To offset the distrust that’s recently afflicted Japanese whisky, Shibui is making its sourcing plain for all to see. In that, they’re following the route pioneered by Compass Box in Scotland, which has ruffled some feathers by shining a light on its sourcing practices. This is in stark contrast to the Scotch industry that doesn’t generally allow the component whiskies of a blend to be named. “That’s exactly what we’re trying to do,” Pollacchi says. “We’re adamant that they [the distillers] be the focus of the story. We’re trying to open up the market, one in which a lot of questions arise about provenance of the spirit.”
The Okinawa range of single-grain Shibui whiskies also emphasizes transparency but highlights traditional rice whiskies. “We’re dealing with seventh-generation, family-owned distilleries, going back to the 19th century,” Pollacchi says. Why would they want to hide that from American consumers?
The Okinawa range includes six rice whiskies sourced from three distilleries—Shinzato, Shunzo, Kumensen—in Okinawa, Japan’s southernmost prefecture. These whiskies are made using traditional black koji, a source of fungal enzymes that break down the rice starch into sugars and readies it for fermenting. It’s messier to work with than other strains of koji but has the power of tradition behind it. The whisky is made purely from rice—some grown in Okinawa, but most imported from Thailand.
Pollacchi notes that if Taketsuru hadn’t gone to Scotland and returned with a head full of knowledge about Scotch-making, Japan likely would have continued to develop its domestic rice whisky rather than pivot to distill from imported barley. “This is what I truly consider to be Japanese whisky,” Pollacchi says.
The initial releases range from whiskies aged eight years to 30 years. These include two 10-year whiskies, one aged in virgin oak and another in ex-bourbon barrels ($170), and 15- and 18-year whiskies aged in sherry casks ($230 to $300).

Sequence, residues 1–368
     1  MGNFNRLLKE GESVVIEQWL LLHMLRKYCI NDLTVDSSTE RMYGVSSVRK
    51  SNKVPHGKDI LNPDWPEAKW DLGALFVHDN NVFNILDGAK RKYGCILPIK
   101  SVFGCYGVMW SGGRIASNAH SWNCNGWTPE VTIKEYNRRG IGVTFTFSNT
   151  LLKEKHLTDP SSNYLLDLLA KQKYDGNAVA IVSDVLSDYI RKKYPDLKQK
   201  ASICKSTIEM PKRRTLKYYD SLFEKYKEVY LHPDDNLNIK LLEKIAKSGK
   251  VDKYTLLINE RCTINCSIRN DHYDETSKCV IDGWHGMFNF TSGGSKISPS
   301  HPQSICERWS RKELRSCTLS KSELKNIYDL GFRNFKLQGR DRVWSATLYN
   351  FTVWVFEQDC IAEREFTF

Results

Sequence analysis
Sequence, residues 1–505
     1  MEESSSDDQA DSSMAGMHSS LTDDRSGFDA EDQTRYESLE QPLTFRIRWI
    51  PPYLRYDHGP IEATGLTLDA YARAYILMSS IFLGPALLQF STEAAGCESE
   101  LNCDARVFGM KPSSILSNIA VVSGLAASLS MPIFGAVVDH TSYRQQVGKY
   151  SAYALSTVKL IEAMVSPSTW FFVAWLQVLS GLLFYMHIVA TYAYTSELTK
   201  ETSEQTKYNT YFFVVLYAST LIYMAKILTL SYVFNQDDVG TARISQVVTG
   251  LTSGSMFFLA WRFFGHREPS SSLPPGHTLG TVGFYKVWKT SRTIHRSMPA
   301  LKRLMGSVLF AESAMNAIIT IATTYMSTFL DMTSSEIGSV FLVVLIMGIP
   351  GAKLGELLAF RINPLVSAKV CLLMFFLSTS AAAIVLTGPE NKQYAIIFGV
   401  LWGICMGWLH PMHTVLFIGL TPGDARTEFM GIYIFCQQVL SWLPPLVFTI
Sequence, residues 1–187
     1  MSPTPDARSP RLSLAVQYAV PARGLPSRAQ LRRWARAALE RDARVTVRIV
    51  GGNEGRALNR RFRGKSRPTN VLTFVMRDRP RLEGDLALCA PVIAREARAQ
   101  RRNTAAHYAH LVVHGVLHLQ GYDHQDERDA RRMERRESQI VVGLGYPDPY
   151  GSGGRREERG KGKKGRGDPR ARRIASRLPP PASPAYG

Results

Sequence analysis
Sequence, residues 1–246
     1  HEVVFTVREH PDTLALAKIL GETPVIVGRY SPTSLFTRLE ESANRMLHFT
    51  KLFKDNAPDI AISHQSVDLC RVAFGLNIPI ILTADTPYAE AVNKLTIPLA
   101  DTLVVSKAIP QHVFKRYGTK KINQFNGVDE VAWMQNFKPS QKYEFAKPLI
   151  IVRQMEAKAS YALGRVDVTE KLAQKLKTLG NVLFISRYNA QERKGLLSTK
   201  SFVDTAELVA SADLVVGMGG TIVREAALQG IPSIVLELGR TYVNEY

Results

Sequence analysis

Pollacchi visited dozens of Japanese distilleries and sampled as many as 1,400 whiskies in searching for the company’s initial bottlings. Along the way, he was offered a sampling of a 30-year-old whisky from Okinawa, which he said was “one of the most interesting, sophisticated and just damn delicious whiskies.” He inquired how many casks were available, then told them, “we’ll take all of it.” The first limited release came out earlier this year, with a second bottling slated for later this year. Then it’s done until the distillery can age more. “It’s just stupidly good,” he says. The price? $1,069 a bottle.
Shibui is just getting underway in bringing Japanese whisky to the American market and is looking at changing things up in future releases. That includes extending the Scotch tradition by producing a blend using a selection of different whiskies from various Okinawa distillers—another break with tradition, as Japanese distillers tend to keep their product for themselves, and not sell or swap for blends. “That’s never happened before,” he says. “The Japanese don’t trade barrels or have options for blending.
“I think it would be really cool for myself as a Scotsman to help reimagine what Japanese whisky truly should be—considering it was a Japanese man who was so influenced by scotch,” Pollacchi says. “It’s been almost 100 years to the day since Taketsuru was in Scotland. I feel like there’s another part of that story that has to be told. And it’s exciting because we’re only scratching the surface.”